The legislation was approved last week by the Senate Education Committee and House Finance Subcommittee. It aims to provide $7,300 to families of students enrolled in a school district with at least three schools in the bottom 10 percent of statewide academic performance measures, and seeks to create an annual $125 million voucher entitlement program.
Critics of the legislation view the bill as an attack on public school funding. They say it aims to divert funds from public schools.
Both Washington County Schools and Johnson City Schools recently voted on resolutions opposing the legislation.
During the Johnson City Board of Education’s last meeting on April 4, Superintendent Steve Barnett said he’s concerned the legislation could affect funding for public schools and staff raises.
On Tuesday, Barnett weighed in further on the bill and emphasized his opposition to the legislation yet again.
“The state government has not clearly identified how we will pay for these accounts. Funding these education savings accounts will eventually erode financial support for public schools, which will impact our ability to recruit and retain great teachers,” Barnett wrote in an emailed statement to the Johnson City Press. “Tennessee is still in the bottom 10 states in regards to school funding, even though we have made improvements in teacher pay and have increased the rigor of our standards over the last decade.
“The ESA Act will likely not help the students in failing schools Governor Lee is attempting to support,” the superintendent continued. “It will most likely take funding from schools and systems that are working for students, thus weakening public education in Tennessee.”
Washington County Schools Director Bill Flanary had a similar view on the matter. While he said he supports “the right of each parent to determine the means by which their child is educated,” he opposes the idea of diverting public funds for private education.
“The education savings account is a voucher system that would do just that — channel public funds toward private schools that are not held to the same level of accountability or oversight as Tennessee's public schools,” Flanary said.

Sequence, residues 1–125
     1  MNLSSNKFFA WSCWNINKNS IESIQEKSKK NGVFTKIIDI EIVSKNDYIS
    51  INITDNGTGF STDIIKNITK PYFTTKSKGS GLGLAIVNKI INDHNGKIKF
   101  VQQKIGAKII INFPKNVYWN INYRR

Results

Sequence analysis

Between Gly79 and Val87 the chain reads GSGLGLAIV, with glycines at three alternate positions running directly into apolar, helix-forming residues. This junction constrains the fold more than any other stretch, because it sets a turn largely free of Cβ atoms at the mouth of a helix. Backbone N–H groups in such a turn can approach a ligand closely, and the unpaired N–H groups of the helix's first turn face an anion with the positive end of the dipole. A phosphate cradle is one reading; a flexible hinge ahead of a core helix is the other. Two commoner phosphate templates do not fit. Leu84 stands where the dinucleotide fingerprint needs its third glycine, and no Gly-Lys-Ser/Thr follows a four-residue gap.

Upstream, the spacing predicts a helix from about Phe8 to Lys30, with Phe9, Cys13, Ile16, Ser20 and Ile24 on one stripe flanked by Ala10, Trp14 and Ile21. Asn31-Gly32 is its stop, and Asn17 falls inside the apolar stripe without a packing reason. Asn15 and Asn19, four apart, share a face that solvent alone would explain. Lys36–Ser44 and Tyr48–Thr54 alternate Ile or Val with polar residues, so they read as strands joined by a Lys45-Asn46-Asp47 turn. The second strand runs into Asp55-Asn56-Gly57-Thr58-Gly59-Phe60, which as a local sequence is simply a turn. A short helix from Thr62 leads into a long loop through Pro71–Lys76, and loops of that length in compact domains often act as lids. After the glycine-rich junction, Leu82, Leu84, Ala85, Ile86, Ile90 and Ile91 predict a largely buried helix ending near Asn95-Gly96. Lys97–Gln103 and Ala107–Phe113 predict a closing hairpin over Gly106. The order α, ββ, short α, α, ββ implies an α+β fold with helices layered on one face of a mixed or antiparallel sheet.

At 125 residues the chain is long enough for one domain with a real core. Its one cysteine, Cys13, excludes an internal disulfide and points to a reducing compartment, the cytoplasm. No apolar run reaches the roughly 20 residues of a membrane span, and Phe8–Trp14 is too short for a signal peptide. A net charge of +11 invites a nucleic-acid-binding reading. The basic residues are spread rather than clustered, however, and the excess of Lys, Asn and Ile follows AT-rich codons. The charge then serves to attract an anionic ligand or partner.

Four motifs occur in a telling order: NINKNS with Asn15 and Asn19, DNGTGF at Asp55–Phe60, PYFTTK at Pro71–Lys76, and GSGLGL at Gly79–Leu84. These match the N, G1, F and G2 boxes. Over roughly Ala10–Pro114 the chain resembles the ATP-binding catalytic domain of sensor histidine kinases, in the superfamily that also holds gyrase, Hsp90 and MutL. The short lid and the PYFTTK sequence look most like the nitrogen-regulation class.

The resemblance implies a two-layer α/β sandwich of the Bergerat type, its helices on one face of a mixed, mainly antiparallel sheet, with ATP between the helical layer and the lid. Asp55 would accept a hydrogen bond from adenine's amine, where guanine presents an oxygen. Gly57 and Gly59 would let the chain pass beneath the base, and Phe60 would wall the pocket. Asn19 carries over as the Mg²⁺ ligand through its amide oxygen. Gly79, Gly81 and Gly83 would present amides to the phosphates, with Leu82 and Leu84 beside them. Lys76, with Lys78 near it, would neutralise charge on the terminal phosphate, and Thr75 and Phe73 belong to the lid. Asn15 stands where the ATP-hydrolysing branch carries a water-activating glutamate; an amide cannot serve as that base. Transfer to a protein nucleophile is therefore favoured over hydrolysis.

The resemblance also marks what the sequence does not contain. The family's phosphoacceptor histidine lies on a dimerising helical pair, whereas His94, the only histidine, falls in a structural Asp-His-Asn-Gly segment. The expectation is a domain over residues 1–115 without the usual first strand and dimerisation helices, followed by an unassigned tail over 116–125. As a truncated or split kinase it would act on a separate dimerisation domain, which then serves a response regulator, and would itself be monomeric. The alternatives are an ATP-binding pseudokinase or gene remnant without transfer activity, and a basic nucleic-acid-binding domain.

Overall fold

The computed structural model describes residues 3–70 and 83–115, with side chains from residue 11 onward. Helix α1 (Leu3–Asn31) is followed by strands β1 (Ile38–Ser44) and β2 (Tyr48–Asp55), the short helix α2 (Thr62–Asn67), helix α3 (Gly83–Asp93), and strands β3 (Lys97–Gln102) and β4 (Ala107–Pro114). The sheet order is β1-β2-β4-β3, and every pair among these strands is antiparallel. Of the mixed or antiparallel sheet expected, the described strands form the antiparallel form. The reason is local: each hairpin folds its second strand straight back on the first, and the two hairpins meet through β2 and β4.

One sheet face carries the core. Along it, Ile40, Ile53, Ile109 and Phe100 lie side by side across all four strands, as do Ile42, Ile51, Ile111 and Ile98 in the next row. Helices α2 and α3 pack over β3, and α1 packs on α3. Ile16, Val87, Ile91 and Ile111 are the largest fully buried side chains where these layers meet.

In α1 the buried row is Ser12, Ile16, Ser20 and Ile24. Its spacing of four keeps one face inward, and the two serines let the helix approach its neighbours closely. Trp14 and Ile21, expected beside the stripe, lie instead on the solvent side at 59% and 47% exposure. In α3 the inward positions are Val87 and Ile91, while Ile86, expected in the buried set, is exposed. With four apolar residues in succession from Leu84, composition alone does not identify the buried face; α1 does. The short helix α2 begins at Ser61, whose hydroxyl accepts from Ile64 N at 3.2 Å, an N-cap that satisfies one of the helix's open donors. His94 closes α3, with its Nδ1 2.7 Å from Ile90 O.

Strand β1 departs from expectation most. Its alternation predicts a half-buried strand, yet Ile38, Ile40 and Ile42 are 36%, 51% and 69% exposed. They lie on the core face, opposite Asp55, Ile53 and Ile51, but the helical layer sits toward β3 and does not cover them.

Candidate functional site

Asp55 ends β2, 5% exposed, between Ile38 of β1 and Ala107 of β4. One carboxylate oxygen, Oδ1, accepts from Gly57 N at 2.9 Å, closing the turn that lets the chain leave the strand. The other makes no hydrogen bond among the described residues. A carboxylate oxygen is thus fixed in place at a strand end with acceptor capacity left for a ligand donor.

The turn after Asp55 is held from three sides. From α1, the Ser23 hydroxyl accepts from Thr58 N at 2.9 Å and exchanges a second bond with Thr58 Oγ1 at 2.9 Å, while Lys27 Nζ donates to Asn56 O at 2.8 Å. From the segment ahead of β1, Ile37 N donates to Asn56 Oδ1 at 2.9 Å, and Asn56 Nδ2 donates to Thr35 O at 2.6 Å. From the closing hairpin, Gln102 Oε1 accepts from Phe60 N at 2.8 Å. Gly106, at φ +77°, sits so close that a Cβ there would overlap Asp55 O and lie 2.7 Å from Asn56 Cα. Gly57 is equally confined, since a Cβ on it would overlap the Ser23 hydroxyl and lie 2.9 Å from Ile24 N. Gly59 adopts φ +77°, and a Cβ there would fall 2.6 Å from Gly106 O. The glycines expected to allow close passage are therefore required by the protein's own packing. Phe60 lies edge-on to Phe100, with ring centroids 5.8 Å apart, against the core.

“Washington County Schools routinely asks Washington County taxpayers for more operating funds as budgets are developed. At the same time, the state legislature is moving toward pouring millions of taxpayer dollars into private schools rather than assisting local public schools,” Flanary continued. “This just doesn't add up. Our state's constitution says that Tennessee residents are guaranteed a free and appropriate public education. I would emphasize the word 'public.’”
But Ashley Academy Headmaster Ramona Harr said the issue doesn't have to be viewed as a “public versus private” school battle.
Harr has worked within the public education system before, and she said she “doesn’t have any desire to be competitive with the public schools.”
“For our area, we have some phenomenal public schools, and I don’t know that this (legislation) could change much,” she said, adding that the legislation also aims to bolster other private, specialized educational services and homeschooling.
She said she sees the legislation as a potential “opportunity of choice for parents.”
“I certainly don’t want to take away from public education, but as I’ve said before, there are some children that are better served in an environment like ours and vice versa,” she later continued. “It’s about the children and parental choice, and I think that’s important.”